The use the FileView tab to look at the various Source and Header files in the program. Notice what is in the header files and what is in the source files. You don't have to understand how this program works but you should try to understand what goes in the source files and what goes in header files.

## malloc and structs

Get your cards example from last week's worksheet. If you didn't finish then there's one in cards.cpp in the usual place.
Exercise 5: Write a function which deals a hand of cards. The function will be passed your shuffled deck of cards, the number of cards remaining in the deck and the number of cards to deal and will return a pointer to allocated memory containing a hand of cards. The function might look something like this:
CARD *deal_hand (CARD [], int, int);

.

.

.

CARD *deal_hand (CARD deck[], int cards_left, int to_deal)

{

CARD *hand;

hand= (CARD *)malloc (to_deal*sizeof(CARD));
/* Copy the right number of cards from the deck to hand */

return hand; /* Return the pointer to the hand of cards we

dealt */

}
Hint 1: Deal the cards from the back of the pack – if there are 52 cards left then we can deal by making hand[0]= deck[51], hand[1]= deck[50], hand[2]= deck[49] etc etc etc... you need to figure out the appropriate for loop to do this.

Hint 2: It would be good to check that there are enough cards left in the deck to deal the hand.
If we've done it right then we can put the following in main() assuming we are a bridge player:
CARD *north; /*Store hand for the north player */

CARD *east; /*Store hand for the east player */

CARD *south; /*Store hand for the south player */

CARD *west; /*Store hand for the west player */

CARD deck[52];
/* Your code to set up and shuffle here */

north= deal_hand (deck, 52, 13); /* Deal a hand to north */

printf ("North: ");

print_hand(north, 13); /* Print north's hand */

east= deal_hand (deck, 52-13, 13);

/* Deal east's hand – remembering there are now 13 less cards

in the deck */

print ("East: ");

print_hand (east, 13);

/* Similar code for south and west */

free(north);

free(east);

free(south);

free(west);

If poker is more your game then deal 5 or 7 cards to each player instead of 13.

## The final exercise (and a little more about card play)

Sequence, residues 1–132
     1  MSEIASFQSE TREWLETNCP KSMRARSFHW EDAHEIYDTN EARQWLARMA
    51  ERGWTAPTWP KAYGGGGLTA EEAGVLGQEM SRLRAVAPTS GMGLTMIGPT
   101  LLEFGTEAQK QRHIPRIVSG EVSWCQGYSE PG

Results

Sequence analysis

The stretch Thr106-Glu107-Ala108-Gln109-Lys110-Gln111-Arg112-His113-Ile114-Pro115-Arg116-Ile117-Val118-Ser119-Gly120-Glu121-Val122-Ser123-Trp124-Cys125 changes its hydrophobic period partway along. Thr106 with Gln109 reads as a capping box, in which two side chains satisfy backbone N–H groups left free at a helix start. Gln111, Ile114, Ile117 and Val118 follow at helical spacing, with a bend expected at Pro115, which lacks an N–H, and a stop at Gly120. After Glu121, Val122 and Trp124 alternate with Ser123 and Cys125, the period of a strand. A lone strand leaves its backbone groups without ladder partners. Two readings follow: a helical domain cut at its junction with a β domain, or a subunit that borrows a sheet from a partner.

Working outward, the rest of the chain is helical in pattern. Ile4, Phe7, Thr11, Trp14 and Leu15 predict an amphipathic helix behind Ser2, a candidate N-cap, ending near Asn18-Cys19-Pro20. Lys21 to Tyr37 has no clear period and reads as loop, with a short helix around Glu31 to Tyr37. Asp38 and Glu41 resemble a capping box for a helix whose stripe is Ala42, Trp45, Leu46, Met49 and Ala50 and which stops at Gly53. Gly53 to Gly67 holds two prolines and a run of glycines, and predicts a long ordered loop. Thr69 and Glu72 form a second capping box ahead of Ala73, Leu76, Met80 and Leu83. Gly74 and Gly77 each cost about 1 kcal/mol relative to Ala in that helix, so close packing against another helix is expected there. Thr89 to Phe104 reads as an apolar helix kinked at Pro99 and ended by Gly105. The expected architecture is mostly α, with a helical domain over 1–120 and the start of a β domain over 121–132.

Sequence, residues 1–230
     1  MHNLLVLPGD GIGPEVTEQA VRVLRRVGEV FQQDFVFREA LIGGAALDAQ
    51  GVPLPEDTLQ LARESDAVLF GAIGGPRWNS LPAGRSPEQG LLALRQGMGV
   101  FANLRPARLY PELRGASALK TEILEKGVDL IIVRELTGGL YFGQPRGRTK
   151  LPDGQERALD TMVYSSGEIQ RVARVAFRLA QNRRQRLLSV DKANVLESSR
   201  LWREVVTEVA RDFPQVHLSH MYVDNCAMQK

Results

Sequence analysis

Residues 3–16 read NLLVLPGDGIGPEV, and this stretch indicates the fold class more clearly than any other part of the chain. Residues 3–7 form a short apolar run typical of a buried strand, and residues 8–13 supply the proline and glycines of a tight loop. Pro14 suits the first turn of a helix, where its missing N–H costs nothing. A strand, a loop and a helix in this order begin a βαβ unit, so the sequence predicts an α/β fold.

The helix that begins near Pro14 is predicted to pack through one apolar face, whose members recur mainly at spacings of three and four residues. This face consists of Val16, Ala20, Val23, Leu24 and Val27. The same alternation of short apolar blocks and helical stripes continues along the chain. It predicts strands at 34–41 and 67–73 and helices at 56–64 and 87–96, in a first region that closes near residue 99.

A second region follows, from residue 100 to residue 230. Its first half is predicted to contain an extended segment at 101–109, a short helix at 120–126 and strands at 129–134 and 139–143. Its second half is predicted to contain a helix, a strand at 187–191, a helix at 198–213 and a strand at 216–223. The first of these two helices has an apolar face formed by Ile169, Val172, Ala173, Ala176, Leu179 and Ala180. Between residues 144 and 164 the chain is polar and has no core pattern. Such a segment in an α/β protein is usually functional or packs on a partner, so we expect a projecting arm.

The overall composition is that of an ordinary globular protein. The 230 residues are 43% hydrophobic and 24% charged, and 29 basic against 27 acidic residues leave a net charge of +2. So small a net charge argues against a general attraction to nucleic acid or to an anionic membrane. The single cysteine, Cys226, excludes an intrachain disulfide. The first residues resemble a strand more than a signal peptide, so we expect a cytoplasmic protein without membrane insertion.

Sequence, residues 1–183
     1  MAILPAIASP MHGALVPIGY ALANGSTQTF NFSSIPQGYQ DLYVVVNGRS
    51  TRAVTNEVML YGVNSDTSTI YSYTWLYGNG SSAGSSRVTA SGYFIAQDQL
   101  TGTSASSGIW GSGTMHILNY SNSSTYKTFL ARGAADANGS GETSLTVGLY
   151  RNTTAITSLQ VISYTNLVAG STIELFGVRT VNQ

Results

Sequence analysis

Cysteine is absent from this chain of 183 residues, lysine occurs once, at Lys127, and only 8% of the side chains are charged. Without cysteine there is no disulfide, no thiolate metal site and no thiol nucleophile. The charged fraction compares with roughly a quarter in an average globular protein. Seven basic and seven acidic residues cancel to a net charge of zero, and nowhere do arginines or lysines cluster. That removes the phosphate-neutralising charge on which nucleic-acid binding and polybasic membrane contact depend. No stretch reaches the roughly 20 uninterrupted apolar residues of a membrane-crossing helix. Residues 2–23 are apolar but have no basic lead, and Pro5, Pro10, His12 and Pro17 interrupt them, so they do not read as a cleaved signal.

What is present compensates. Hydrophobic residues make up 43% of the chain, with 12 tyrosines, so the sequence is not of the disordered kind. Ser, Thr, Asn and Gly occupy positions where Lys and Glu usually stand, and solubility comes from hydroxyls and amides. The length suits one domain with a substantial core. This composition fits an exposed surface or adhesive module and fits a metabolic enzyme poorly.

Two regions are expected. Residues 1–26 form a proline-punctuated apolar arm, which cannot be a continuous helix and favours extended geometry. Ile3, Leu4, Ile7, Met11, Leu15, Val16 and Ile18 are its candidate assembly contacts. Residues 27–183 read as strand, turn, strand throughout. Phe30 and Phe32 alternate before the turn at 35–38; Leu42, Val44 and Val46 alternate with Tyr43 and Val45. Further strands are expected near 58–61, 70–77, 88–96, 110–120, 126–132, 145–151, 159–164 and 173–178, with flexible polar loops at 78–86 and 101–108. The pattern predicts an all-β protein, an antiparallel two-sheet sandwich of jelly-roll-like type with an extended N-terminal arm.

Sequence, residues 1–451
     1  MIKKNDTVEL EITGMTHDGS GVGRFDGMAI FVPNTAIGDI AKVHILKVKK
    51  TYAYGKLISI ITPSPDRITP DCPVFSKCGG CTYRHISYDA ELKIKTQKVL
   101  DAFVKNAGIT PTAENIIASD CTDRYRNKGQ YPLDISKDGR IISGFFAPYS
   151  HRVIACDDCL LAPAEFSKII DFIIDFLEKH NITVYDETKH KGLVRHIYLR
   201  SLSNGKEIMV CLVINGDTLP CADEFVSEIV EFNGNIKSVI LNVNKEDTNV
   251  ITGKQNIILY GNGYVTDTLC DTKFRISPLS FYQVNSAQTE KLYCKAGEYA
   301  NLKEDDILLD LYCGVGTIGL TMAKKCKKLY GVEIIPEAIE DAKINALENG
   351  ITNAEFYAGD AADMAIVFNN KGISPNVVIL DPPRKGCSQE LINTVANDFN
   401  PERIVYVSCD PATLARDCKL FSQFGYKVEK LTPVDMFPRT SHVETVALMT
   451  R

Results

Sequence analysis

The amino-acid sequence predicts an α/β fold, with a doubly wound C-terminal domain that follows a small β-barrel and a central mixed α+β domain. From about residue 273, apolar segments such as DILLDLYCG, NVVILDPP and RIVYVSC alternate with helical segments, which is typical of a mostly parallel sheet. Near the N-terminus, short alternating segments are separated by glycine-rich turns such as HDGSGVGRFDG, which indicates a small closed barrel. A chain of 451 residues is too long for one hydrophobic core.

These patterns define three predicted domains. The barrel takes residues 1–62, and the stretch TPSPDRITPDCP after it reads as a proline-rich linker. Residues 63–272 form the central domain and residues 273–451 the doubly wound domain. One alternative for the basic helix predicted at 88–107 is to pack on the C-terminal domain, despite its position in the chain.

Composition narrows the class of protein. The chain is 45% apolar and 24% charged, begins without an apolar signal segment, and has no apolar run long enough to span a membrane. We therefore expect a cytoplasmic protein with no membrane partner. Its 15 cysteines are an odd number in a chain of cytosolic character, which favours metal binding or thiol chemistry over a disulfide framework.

We could add routines to play cards from the hand – perhaps set up another structure which contains a hand of cards:
typedef struct one_hand {

CARD *cards; /*Cards which are in the hand */

int no_cards; /* No of cards in the hand */

char name[100]; /* Name of player */

} HAND;
This type definition must, naturally, come after the one for the card itself. We could even have a further type definition for all the players:
typedef struct game {

HAND *hands; /*Hands for each of the players */

int no_players; /* No of players in the game */

char name_of_game[100]; /* Name of game we are playing */

} GAME;
(Note, in real code we'd have an const int instead of a plain 100 in those). Of course this make things quite complex if we want to get at individual bits of information. For example, to look at the value of the first card in the first players hand we would do:
GAME *newgame;

/* Set up the game here */

printf ("Value of card is %d\n", newgame.hands[0].cards[0].value);

/* Assuming that in our typedef for CARD we had set the value of the card to be stored in the variable "int value;" */

Similarly we could print the first player's hand using the following line:
print_hand(newgame.hands[0].cards, newgame.hands[0].no_cards);
Exercise 6(quite difficult – only do this if you like a challenge): Adapt your code along the above lines to request a number of players and then deal a seven card poker hand to each player. Your program should produce an error if it runs out of cards.
Hint – this code does the right thing for just ONE player:
CARD deck[52]; /* A deck of cards */

int n; /* Number of players */

GAME poker; /* Information for a new game of cards */

/* Input the number of players here */

poker.no_players= n;

poker.hands= (HAND *)malloc (n*sizeof (HAND));

sprintf (poker.name_of_game,"Seven card stud Poker");

/* Set up and shuffle the deck */

poker.hands[0]= deal_hand(deck, 52,7);

print_hand (poker.hands[0]);

sprintf (poker.hands[0].player, "Player 0");
Will set up a game and deal a hand to the first player who is, boringly, called player 0 (you might want an input routine for him or her to enter a name). Note – it's actually quite difficult here to ensure that the memory gets freed for every hand before you exit the program. Remember, every malloc you write should find a free eventually.
Hint 2: obviously you'll want a loop in there for all the players and probably a variable to keep track of the number of cards left in the deck
CONGRATULATIONS: You have now finished the final worksheet in the C programming course. Buy yourself a drink – you've earned it.